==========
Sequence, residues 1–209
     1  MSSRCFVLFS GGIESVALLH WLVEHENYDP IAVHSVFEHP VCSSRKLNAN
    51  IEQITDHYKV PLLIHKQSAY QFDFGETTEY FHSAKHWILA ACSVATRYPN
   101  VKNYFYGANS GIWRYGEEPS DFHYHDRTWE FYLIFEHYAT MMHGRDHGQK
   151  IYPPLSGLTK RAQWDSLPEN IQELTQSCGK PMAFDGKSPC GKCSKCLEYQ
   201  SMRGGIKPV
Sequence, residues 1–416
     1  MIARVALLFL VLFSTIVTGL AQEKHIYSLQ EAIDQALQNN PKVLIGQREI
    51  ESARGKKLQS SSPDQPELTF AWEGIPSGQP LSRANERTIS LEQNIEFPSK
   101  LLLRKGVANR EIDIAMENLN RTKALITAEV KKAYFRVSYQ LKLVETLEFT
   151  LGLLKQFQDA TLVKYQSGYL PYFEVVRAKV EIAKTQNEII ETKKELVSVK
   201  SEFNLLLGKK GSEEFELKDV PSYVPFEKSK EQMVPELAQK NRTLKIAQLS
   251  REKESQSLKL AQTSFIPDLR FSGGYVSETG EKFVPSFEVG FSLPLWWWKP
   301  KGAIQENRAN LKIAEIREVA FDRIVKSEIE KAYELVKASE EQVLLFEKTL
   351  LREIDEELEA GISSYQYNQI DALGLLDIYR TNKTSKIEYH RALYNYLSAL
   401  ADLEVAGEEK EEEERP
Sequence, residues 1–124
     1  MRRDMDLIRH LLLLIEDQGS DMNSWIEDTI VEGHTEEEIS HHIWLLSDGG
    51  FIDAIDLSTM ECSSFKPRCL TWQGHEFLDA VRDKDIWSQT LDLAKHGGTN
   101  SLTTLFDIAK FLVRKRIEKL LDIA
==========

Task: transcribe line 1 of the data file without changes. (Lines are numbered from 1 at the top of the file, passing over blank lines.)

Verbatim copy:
Sequence, residues 1–209